Denver Bar Association
February 2000
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Please - No More "Mr. Sappy"

by Doug McQuiston

My editors tell me it’s time again for another syrupy send-up of love and marriage for the annual Docket Valentine’s Day edition. Oh, God, no! Don’t take this the wrong way— I got a lot of mileage from last year’s article ("It’s Valentine’s Day Every Day," Docket, Feb. 1999). My wife (to my bewildered delight) enjoyed it, even framed it. Some readers, too, enjoyed it. Others, however, showed me that the law of unintended consequences applies even to this little throw-away rag.
'This is why some guys have problems - they can't apply football or work metaphors to the romantics arts. There is no "game day," no big "presentation," no trial, and no appeal.'

One guy complained his wife read the article and fumed at him that night, "Why don’t you ever say anything like this, you miserable S.O.B.," or something along those lines. Oops. Another told me he wouldn’t even show the article to his wife, probably fearing the same reaction. I hadn’t planned on that. Had I inadvertently set the "guy community" (Ed. Note—this is not a typo—please use the word "guy") up for a fall?

This year, when the Docket editors asked me to come up with "another sappy Valentine’s Day article," I first recoiled in terror. My wife and I are still getting along great, thanks for asking, but that story has been done, hasn’t it? What if this year’s piece sent even more of us deeper into the doghouse? Was this some type of anti-guy plot, and was I playing right into their hands? Worse yet, am I being type-cast as "the Sappy Guy?"

One thing I am not is a "marriage expert." The worst writing I see out there is the sticky goo the "marriage experts" spoon onto the local papers’ feature sections on how to "work on the marriage." Spare me, pal. I’m not from Mars, my wife is sure as Hell not from Venus, and if I ever said or did any of the things you recommend, she’d probably throw up from all the spastic laughter.

That said, I have learned one thing the hard way. Love and marriage just aren’t like other things guys do. Take football—there we can work hard, concentrate on the fundamentals, practice, and get ready for game day, then apply everything we worked on in one high-intensity power rush. How about work, (which, come to think of it, is a lot like football)? This is why some guys have problems— they can’t apply football or work metaphors to the romantic arts. There is no "game day," no big "presentation," no trial, and no appeal.

Forget what you see and hear from all the jewelers and florists in town, too. Success in marriage isn’t something you can buy, put into a little red velvet box, and open with a flourish over dinner on February 14. Oh, sure, they’ll take the diamond tennis bracelet, thank you, and they’ll even wear it proudly. They may gush over the roses, too. They might even be upset if you didn’t bring them the occasional bouquet or bejeweled tchochke. But this ain’t the big game, stud. There’s no such thing as "leaving it all on the playing field." Diamonds and roses once a year won’t guarantee "victory."

I have never gotten much return on my spousal karma account by giving flowers or jewelry. My wife tells me, (and almost always means it, too) that she doesn’t want to see me spend the money on such trifles. She would much rather spend the dough on the kids, or at least new kitchen counters. "I already have jewelry, and flowers die in a week," she’ll say.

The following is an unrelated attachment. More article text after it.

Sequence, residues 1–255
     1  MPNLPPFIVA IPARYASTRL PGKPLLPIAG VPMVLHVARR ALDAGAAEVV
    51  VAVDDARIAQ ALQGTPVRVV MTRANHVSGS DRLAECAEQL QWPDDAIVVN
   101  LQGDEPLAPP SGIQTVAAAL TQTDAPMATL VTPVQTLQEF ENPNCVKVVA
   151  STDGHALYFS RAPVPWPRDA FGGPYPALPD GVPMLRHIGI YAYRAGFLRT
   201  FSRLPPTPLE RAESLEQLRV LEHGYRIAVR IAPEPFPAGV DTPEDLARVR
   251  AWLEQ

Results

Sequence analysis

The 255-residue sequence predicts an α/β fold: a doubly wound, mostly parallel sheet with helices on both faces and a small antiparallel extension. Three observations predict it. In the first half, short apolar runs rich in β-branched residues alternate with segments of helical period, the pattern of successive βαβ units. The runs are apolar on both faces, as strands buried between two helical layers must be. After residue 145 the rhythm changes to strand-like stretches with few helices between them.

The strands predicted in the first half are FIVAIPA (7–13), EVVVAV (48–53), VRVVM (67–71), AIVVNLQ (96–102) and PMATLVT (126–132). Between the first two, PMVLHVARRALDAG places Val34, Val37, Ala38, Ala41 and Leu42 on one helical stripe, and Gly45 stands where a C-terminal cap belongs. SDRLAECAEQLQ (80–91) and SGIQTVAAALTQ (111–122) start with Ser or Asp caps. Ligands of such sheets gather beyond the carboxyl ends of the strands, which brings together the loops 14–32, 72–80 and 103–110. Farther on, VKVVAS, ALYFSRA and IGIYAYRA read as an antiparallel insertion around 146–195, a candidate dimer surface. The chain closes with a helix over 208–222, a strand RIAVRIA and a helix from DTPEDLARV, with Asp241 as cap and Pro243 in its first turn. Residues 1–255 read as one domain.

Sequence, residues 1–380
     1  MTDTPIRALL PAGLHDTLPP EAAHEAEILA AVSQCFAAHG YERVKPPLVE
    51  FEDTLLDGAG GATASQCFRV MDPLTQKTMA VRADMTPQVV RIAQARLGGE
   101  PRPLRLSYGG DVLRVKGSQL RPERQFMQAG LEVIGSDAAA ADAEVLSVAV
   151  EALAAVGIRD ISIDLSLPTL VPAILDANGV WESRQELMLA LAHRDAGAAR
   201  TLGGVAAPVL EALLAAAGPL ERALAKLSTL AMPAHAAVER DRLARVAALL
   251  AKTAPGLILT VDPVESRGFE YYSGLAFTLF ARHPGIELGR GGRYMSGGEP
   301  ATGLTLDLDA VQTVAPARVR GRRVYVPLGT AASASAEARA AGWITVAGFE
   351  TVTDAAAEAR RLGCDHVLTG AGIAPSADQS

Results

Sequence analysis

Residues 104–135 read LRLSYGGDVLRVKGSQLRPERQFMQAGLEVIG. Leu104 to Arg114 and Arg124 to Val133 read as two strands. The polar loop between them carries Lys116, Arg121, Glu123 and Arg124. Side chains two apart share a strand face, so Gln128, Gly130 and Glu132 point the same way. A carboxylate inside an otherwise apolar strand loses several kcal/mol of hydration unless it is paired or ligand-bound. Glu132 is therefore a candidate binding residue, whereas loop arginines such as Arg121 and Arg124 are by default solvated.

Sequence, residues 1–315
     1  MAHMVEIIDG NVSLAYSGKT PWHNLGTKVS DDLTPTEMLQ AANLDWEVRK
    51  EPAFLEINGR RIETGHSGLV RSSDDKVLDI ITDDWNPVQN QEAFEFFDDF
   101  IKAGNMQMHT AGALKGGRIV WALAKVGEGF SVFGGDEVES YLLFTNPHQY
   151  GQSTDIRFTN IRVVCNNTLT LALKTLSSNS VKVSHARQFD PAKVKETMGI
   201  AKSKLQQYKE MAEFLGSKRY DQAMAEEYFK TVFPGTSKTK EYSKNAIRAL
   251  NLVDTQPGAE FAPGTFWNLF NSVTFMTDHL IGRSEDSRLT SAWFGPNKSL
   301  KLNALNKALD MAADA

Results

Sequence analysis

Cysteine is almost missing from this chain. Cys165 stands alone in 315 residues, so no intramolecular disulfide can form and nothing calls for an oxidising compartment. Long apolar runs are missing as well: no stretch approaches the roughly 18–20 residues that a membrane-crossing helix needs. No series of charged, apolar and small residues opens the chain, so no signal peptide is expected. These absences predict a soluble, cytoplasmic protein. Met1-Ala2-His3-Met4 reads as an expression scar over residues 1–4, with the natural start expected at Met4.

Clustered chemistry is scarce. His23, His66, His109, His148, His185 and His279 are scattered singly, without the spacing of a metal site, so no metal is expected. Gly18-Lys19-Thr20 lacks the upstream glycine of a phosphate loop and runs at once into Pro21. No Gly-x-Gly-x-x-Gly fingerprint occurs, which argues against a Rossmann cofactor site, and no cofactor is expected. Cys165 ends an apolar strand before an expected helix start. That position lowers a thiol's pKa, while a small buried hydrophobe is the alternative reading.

Flowers and gifts are nice, but if you’re a schmuck all year, don’t expect to bring your account current with a diamond necklace on Valentine’s Day. Even if it’s a very nice one. You can’t make the big play, then live on your laurels. It really is Valentine’s Day every day, because it’s what you do the other 364 days a year that counts. Even back when I was young and stupid, I had this one thing figured out: The only reason to get married was to tie myself to someone who made me a better person, and who made life more fun than it could be alone. Otherwise, why bother? Luckily, I found someone who felt the same way. That has made all the difference.

Think about it, guys— what is it about your spouse that would make you want to give up a golf game or a day on the river for her? It is the image of your wife you carry in your head, how she looked on your wedding day, the look in her eyes when you asked her to marry a miserable slob like you and she said "yes," that is the "secret." Odds are if you still have more fun with your wife than your golfing or fishing buddies, you will have a long and happy marriage.

That doesn’t mean you don’t get to have golfing or fishing buddies, at least I hope not. It also isn’t a one-way view. To make it all work, our woman readers, too, need to still see that hunk you said "yes" to all those years ago when you look at him now. He’s there, if you open your eyes to him. That’s what love does—it folds time in on itself, and hides all the wrinkles. Being married, and staying married, is easy if you still see in your spouse the person you couldn’t imagine life without. Look across the table tonight after you read this, and you’ll see what I mean.

At the risk of causing more trouble, (particularly to those with jewelry-loving spouses), I’ll leave my fellow husbands out there with a suggestion: this year, forget the diamonds and the reservations at Morton’s. Bring home a card, then go take a walk after dinner, and maybe neck awhile under a tree in that park by your house.

Happy Valentine’s Day, guys.

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